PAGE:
The Nuvaring is an estrogen/progesterone containing vaginal ring that the patient places in the vagina and leaves in for three weeks, during which time the contraceptive is absorbed through the vagina into the bloodstream, and the patient removes and discards the ring after 3 weeks. In the fourth week, no ring is present, and menses occur. A week later a new ring is inserted, beginning the next cycle.
Hormone release is slow and steady, and patients do very well and are usually quite satisfied with this method. Users can swim with the ring in place and can have sex with the ring in (or take it out if they wish for up to 3 hours and still be protected).
The Nuvaring is more than 99% effective in preventing pregnancy and has less breakthrough bleeding than OCPs or the patch. Patients only have to remember it twice a month (once to insert it and once to remove it).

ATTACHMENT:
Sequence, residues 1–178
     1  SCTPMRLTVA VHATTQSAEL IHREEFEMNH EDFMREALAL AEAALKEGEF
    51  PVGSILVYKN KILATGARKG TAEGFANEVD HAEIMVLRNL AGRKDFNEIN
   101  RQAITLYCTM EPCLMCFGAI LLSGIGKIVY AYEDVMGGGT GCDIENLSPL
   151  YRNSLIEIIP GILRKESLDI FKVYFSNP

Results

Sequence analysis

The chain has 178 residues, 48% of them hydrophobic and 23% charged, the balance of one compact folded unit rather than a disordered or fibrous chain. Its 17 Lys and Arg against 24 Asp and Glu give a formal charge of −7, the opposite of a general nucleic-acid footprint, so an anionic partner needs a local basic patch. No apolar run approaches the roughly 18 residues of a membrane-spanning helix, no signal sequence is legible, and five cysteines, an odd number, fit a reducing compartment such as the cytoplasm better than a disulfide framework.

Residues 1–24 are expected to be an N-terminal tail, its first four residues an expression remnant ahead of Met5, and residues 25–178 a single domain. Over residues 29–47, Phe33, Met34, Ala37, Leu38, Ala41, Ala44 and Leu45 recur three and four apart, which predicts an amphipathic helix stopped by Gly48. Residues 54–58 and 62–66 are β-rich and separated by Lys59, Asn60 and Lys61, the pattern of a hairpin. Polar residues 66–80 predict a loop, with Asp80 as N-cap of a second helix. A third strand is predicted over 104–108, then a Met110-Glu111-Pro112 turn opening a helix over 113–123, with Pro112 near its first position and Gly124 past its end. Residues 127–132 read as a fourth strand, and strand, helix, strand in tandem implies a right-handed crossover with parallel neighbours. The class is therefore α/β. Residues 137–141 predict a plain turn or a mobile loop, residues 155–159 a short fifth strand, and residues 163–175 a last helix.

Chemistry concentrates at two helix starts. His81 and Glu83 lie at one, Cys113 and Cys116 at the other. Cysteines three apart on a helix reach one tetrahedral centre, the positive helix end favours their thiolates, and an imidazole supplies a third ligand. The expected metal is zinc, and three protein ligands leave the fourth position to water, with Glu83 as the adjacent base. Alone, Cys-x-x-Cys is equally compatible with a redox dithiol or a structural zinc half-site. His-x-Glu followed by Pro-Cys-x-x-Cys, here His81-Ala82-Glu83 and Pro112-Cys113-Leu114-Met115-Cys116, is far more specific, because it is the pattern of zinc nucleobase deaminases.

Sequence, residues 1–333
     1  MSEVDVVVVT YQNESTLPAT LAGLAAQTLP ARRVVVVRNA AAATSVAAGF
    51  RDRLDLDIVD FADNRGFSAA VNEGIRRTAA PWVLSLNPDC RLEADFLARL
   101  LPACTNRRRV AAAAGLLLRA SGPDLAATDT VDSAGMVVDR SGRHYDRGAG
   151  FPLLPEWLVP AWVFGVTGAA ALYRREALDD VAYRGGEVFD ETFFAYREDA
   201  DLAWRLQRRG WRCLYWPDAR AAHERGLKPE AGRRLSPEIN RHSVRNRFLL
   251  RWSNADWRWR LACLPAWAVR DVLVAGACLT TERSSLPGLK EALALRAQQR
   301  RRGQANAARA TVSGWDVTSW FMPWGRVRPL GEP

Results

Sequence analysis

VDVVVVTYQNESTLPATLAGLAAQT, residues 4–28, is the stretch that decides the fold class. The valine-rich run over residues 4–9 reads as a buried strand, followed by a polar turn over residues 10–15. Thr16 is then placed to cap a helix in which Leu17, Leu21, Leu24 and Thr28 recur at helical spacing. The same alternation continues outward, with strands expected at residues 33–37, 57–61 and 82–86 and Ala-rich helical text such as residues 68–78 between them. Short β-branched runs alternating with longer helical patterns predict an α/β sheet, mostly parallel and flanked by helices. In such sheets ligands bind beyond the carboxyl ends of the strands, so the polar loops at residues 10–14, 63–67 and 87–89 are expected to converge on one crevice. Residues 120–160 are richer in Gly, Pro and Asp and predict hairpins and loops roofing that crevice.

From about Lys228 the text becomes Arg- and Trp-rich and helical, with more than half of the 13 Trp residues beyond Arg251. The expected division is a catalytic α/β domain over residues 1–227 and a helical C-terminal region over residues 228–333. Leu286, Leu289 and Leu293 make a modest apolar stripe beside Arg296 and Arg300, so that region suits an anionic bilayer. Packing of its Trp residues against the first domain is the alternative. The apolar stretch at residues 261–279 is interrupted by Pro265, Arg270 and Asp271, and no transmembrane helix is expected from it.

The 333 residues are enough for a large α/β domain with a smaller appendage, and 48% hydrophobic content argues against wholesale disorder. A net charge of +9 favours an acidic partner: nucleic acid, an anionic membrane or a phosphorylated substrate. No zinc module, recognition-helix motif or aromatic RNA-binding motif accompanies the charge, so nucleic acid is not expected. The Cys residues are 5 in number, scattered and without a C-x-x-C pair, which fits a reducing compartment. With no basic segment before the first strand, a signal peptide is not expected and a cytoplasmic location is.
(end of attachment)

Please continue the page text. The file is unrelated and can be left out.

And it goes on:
Side effects are similar to those in pill users, plus some users complain of vaginal discharge, and rarely they can be expelled. Risks and contraindications are similar to OCPs, with the addition of thinking twice about using it in patients with severe constipation or uterine prolapse (more expulsion), and in patients with recurrent vaginal infections (it increases vaginal discharge, but not infection).